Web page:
Which brings us back to Pique. Footballer. Winner. Defender. Separatist. Why should he retire?
He should retire because something worth more than medals is at stake. It’s called sacrifice and, as the bumper sticker reads, freedom isn’t free. Aside from the wishful thinking of having a separate country but continued participation in the Spanish La Liga, not playing for the Spanish national team is a more worthwhile and realistic aim. Despite waving Catalan colours after the success with the Spanish, kitting out for one of the world’s best sides is a cop-out. So is promising to retire after Russia. Do it now, forgo the potential silverware, and play for the Catalan national team.
Doing this takes guts because it’s the kind of move that will annoy a lot of people. But actually doing it makes those beliefs stronger. Ali sacrificed his best years in prison because he didn’t want to fight the Vietnam War. In the year where we have lost Johan Cruyff, football needs a maverick that sticks to ideals and sticks two fingers up to the naysayers and the doubters. And to be honest, can winning a title for a team that represents another country be as satisfying as wearing the colours of your people?
To paraphrase Mike from Breaking Bad: no more half measures. We live in a world where football is a corrupt sport.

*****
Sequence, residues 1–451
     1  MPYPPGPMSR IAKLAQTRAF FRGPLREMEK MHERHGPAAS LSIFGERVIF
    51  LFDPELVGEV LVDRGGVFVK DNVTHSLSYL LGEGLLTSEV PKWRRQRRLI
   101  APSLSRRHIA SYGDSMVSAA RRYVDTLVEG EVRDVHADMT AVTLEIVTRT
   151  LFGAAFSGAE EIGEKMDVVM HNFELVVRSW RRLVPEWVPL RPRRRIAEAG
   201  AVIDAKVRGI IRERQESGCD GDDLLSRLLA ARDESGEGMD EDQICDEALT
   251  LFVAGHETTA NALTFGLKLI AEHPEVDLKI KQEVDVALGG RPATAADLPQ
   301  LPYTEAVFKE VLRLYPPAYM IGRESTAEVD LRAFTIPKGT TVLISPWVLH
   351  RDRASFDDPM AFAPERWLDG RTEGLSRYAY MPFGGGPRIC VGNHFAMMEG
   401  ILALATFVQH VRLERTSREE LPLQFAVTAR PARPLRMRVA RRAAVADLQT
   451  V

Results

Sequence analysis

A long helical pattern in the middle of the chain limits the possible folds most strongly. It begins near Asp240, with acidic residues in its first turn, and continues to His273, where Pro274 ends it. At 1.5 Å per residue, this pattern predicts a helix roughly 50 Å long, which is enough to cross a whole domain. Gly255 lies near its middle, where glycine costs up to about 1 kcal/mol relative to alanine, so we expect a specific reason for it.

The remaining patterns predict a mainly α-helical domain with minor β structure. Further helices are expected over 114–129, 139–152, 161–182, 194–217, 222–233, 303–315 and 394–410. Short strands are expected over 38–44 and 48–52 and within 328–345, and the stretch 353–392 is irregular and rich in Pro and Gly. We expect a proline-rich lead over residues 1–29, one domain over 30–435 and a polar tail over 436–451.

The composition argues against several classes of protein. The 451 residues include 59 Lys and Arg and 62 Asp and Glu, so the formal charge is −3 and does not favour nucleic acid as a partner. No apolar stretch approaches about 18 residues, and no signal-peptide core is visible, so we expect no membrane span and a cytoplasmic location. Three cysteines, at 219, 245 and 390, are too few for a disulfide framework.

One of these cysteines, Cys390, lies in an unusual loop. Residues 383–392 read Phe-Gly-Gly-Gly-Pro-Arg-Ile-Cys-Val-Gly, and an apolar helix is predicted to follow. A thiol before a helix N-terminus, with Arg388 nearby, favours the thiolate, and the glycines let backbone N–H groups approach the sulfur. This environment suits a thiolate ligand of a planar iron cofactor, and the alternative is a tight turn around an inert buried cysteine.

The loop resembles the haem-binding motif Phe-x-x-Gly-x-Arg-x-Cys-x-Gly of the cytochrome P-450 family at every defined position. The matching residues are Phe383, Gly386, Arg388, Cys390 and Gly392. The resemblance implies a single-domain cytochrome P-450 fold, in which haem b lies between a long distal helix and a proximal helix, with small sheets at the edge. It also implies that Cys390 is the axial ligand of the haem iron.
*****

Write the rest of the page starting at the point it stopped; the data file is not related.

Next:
We can’t stop FIFA’s Department of Hare-Brained Ideas from expanding the World Cup or Europe’s most powerful clubs from fiddling with the Champions League. But surely there is one footballer who sees Russia and Qatar hosting World Cups as an insult to human rights and decency. Are we so cynical as a society that we can’t imagine entire national teams refusing to compete in a supposedly prestigious tournament? Isn’t it time we recalibrate what we set as the norm?
Hidetoshi Nakata was one player who took a stand. The Japanese David Beckham had the kind of fame and football skill that made him a bonafide icon and coveted player in Serie A. He graced Roma and Parma but retired young after falling out of love with the game. He turned his back on an easy pay cheque for something deeper – he wanted to learn more about the world.
When Louis van Gaal dropped his trousers and displayed his balls to an astonished dressing room in Munich he was doing more than just offering a visual reminder of what the beautiful game was played with, he was making a point. To play football, you need balls. Those twin, (metaphorically) beautiful spheres of intent and courage, if we are to view them as such, are clearly missing from those that abuse players like Pique on social media. They have been evident on the pitch since football was adopted as the game of the masses, from Roy Keane’s scything down of Marc Overmars on a grey day at Lansdowne Road to Diego Maradona’s darting and dizzying trajectory toward the England goalmouth in Mexico during the 1986 World Cup.
We need more bravery off the pitch. Far be it from me to tell Pique how to express his nationalism and his identity, but we need a leader to come from somewhere and to stand for something. The sport is at a crossroads and the leaders of governing bodies – though elected on an ethical ticket – will not save it. We need something more than a disrobed Dutchman offering a dramatic gesture to his charges. Pique has a chance to make a statement and, whether we agree with it or not, a football star having the courage of his convictions would act as a mark of integrity that is sorely lacking from world football.